A former tenant at a Watts home is suing her ex-landlord, alleging she was part of a scheme in which the homeowner leased rooms to desperate people, then quickly evicted them to get new residents equally in dire need of shelter.
Shianne Lovings’ Los Angeles Superior Court lawsuit names as defendants the landlord, Shalena Harris, and Diamond Elite Management Inc., managers of the property where the plaintiff briefly resided.
Lovings alleges fraud, theft, breach of the covenant of quiet enjoyment, and violations of the state civil code. She seeks unspecified compensatory and punitive damages in the suit filed Monday.
Lovings alleges she was eventually locked out of the home and unable to retrieve her belongings, including a plasma-screen television, baby stroller, two small appliances and toys.
Harris could not be immediately reached.
Lovings and her young children, ages 4 and 6, were “housing insecure” when they arrived in Los Angeles in May in the middle of the COVID-19 pandemic to escape domestic violence, the suit states. That month, Lovings saw a Facebook ad for a room on Zamora Avenue in a home that was well kept, clean and had a working kitchen, the suit states.
She went to the home and met Harris on May 20, and saw that the ad’s photos were for a different location, the suit states. The Zamora residence was in poor condition, had holes in the floors, a poorly working bathroom and a “crumbling” kitchen, according to the complaint.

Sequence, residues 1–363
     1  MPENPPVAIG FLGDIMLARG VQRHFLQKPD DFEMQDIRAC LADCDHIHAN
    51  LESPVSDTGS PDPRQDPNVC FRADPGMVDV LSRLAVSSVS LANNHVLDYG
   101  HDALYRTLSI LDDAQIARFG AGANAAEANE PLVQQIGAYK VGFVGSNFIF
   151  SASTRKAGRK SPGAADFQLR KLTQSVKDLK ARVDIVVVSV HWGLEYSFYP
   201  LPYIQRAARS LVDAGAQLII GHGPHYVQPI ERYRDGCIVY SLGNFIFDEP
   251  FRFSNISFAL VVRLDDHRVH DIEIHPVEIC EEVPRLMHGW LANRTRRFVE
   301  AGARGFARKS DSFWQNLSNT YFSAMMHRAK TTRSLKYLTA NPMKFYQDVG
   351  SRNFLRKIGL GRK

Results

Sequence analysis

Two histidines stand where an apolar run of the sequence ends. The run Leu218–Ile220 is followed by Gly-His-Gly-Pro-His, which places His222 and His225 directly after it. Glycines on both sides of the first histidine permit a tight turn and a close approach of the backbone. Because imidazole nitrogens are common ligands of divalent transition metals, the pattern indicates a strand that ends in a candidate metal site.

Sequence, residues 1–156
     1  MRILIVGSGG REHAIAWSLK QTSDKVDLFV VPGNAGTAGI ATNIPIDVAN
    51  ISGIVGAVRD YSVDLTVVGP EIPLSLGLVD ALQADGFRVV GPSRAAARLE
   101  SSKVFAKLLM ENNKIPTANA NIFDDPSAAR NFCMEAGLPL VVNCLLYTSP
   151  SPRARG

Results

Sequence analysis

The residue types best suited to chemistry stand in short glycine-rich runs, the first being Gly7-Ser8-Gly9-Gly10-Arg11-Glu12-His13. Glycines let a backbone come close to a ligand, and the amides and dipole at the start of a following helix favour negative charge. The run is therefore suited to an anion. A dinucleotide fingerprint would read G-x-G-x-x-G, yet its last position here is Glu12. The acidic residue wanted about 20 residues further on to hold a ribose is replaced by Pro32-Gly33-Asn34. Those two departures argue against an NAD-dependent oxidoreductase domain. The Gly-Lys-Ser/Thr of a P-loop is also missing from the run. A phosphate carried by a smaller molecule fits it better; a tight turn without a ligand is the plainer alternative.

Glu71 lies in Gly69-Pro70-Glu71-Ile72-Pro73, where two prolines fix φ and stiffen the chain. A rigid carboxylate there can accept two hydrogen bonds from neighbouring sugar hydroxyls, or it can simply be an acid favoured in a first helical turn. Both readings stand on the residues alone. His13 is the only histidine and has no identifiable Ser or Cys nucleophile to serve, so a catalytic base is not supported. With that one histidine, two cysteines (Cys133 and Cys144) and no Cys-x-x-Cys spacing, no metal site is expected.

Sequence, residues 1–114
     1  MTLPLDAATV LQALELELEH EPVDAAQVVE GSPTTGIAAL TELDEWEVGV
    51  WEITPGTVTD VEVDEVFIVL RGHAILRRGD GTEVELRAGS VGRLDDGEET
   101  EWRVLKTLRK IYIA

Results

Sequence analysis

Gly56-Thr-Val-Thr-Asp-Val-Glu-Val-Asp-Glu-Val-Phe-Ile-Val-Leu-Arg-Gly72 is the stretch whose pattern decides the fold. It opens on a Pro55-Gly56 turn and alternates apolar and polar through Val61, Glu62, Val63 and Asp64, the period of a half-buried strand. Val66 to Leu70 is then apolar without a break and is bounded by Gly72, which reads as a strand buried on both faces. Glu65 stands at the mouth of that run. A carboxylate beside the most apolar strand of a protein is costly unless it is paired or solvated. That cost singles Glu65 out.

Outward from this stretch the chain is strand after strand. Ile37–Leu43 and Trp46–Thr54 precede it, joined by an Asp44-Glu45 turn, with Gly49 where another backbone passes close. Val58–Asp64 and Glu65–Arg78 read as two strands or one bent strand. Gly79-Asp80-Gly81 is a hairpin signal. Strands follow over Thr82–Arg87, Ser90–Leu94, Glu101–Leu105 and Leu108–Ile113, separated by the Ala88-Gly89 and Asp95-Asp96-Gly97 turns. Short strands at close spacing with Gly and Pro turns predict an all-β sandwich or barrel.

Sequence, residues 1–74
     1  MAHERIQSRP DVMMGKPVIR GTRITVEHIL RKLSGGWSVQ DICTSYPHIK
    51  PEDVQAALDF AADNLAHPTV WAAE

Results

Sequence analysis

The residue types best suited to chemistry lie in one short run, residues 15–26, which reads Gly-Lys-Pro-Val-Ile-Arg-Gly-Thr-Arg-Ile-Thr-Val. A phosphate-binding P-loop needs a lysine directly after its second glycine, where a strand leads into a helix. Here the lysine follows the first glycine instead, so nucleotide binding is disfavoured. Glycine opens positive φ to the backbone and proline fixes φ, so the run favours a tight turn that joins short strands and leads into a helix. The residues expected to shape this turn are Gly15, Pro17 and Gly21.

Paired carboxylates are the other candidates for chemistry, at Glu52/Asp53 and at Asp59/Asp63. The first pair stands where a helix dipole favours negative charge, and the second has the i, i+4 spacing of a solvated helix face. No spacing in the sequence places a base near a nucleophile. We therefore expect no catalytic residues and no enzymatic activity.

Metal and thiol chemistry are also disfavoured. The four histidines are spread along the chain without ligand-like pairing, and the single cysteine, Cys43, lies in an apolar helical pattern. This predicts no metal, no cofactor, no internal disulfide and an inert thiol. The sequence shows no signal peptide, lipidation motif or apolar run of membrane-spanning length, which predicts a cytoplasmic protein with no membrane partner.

Ten other people were living there, scattered inside and outside the house, including a family of five residing in a shed in the back yard, the suit states.
Lovings initially insisted that Harris show her the location advertised online, but the landlord feigned ignorance of the ad and instead pushed Lovings to lease a room, the suit states.
“Harris knew Lovings was housing insecure and was desperate to find a place for her young children to live and saw an opportunity to take advantage of Lovings for monetary gain,” the suit alleges.
According to the suit, the Zamora home was run “as a revolving door, duping desperate individuals living on the edge of homelessness to make initial cash payments to live at the property and then promptly forcing them to leave in order to dupe another round of victims into living at the property.”
Harris told Lovings that if she leased a room at the Zamora home, the plaintiff could later move to the house advertised online when it was available, or she would fix the problems at the Zamora property, the suit states.
Lovings, “sorely needing a home for her children,” agreed to lease a room at the Zamora home and paid Harris $950, the suit states.
Weeks after Lovings moved into the room on May 20, Harris began harassing her and the other tenants with the goal of evicting them, the suit states.
“Harris carried out this vicious campaign through months of threats of physical violence and cutting off the property’s utilities,” according to the suit.
In June, Harris confronted Lovings and told her that the landlord’s family members “were coming to physically hurt Lovings in order to force her and her family to leave the property, even making threats that her family owned guns, the suit states.
Harris entered the residence without permission, destroyed the kitchen and took all of Lovings’ dishes and cookware, making it impossible for her to make meals for her children, the suit alleges.
In late July, Harris removed the property’s outside doorknobs, leaving Lovings feeling insecure in the knowledge that anyone could come in at any time, the suit states. Harris ultimately changed the main door lock and put a lock on the fence, barring Lovings and the other tenants access to their rooms and personal property, the suit states.
Harris never returned Lovings’ belongings and the plaintiff believes her former landlord is currently carrying on the same alleged scheme with new tenants, the suit states.